So, if a cheque gets bounced, the payee can file a complaint along with an affidavit and relevant papers. The court will issue summons and hear the matter and upon found guilty, the defaulter will be punished with a monetary penalty which may be twice the amount issued in the cheque or punishment for a term of 2 years or both as per S 138 of the Negotiable Instruments Act.
How to send legal notice for cheque bounce case
Once the cheque has bounced, the payee is supposed to send a legal notice within 30 days of the dishonouring of the cheque to the drawer of the cheque, threatening to initiate legal proceedings under the negotiable instruments act in case the amount is not paid within the stipulated time period of 15 days. As there is no prescribed format for this notice, it could be sent by the complainant himself/herself. However, following information should be mentioned unambiguously in the legal notice.
- A statement that the cheque was presented within its period of validity.
- Statement of debt or legally enforceable liability.
- Information regarding dishonour of cheque as given by the bank.
- Demanding the issuer to pay the amount due within 15 days of receiving such notice.
Service of notice on the person issuing the Cheque is mandatory; the mode of service of notice can be any recorded delivery which is admitted as evidence under the Indian Evidence Act. The notice should be sent by Registered AD., Speed Post only. The purpose of making such provision is to make the person issuing the Cheque aware about the fact that the Cheque issued by him has been returned by his bankers due to insufficiency of funds in the account and he has to make arrangement for the amount within the stipulated period and intimate the banker as well as the person to whom the Cheque has been given by him.
Jurisdictions for cheque bounce case
The landmark judgment, DASHRATH RUPSINGH RATHOD vs. STATE OF MAHARASHTRA, ((2014) 9 SCC 129 ), The Supreme Court has changed the criteria under S 138 of N.I. Act which is to prosecute a person who failed to pay the cheque amount due to the insufficiency of funds or the actual amount exceeds the cheque amount.
A bench of justices T.S. Thakur, Vikramjit Sen and C. Nagappan ruled that the case has to be initiated at the place where the branch of the bank on which the cheque was drawn is located. Earlier, a case under S 138 could be initiated by the holder of the cheque at his residence or place of business. This landmark decision would apply retrospectively. The reason for such judgment was that the payers were recklessly using extensive credit, thus misusing the place of the institution. To curb this practice, the judgment aims to get the root of the issue and resolve by a strict approach so as to discourage the payer from misusing or carelessly issuing cheques.
Eg:- Mr.X who resides in Kochin issues a cheque to Mr. Z. who resides in Bangalore. The cheque bounces in a bank in Chennai due to an insufficiency of funds. Then the place of the institution would be Chennai.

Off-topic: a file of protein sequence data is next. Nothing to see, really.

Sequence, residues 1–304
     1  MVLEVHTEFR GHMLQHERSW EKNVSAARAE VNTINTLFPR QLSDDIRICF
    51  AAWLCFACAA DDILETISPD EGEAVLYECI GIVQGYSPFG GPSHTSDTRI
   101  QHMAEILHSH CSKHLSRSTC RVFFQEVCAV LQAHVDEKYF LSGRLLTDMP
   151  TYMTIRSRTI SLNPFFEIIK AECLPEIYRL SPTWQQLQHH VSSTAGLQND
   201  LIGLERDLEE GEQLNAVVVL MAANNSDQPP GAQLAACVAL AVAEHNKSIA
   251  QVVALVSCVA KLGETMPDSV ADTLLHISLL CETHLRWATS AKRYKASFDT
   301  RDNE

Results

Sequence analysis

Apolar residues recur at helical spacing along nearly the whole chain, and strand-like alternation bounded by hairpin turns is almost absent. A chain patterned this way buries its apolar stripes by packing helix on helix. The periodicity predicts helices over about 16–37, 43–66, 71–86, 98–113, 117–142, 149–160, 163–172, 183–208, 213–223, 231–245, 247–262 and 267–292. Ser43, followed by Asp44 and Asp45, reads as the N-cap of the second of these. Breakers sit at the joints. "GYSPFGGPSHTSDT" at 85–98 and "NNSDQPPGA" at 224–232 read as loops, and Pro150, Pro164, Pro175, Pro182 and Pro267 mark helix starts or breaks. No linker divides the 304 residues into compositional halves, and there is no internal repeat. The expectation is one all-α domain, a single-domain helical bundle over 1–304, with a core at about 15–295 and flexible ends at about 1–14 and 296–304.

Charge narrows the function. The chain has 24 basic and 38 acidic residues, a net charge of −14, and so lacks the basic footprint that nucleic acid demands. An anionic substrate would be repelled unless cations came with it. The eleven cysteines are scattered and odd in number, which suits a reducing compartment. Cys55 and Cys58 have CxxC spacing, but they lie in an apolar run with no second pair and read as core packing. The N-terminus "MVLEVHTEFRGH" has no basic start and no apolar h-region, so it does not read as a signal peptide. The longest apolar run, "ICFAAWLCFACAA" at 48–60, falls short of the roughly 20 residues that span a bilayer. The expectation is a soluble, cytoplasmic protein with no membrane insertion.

As a result of this landmark judgment, the negotiable instruments act was subjected to the amendment in 2015.
Offence under S 138 by company
When a company issued a cheque and it is dishonoured by the drawee bank it is said that offence under section 138 of the negotiable instrument act, is committed by the company. But the company cannot be prosecuted for the offence because it is a legal entity and no physical punishment can be imposed upon a company.
When such offence has been committed by a company its director will be punished for the offence under section 138. A company performs all acts through its directors so vicarious liability shall be imposed upon its directors.
In N. K. Wahi vs Shekher Singh (2007) 9 SCC; the supreme court has held that under section 141, N I Act, if any offence has committed by a company then every person who is a director or employee is not liable, only that person is liable who was in-charge for the conduct of the business of the company at the time when cheque was issued.
Hence, if the offence has committed by a company the person responsible for the affairs of the company at that particular time when the cheque was issued, shall be liable and punishable under section 138. Section 141 does not postulate that all the directors are liable; this section envisages constructive or vicarious liability upon the directors for the offence punishable under section 138.
It infers from a co-joint reading of section 138 and 141, that only those persons or directors will be liable for the offence who, at the time of issuance of the cheque, in-charge of the affairs of the company. In N.K. Wahi v. Shekhar Singh, (2007) 9 SCC 481; the Supreme Court has held that “to launch a prosecution, therefore, against the alleged Directors there must be a specific allegation in the complaint as to the part played by them in the transaction. There should be clear and unambiguous allegation as to how the Directors are in-charge and responsible for the conduct of the business of the company.”
In S.M.S. Pharmaceuticals Ltd. v. Neeta Bhalla [(2005) 8 SCC 89; a clear case should be spelt out in the complaint against the person sought to be made liable. Therefore, the complaint must clearly show who the responsible person for the affair of the business of the company at the particular time when the alleged cheque was issued.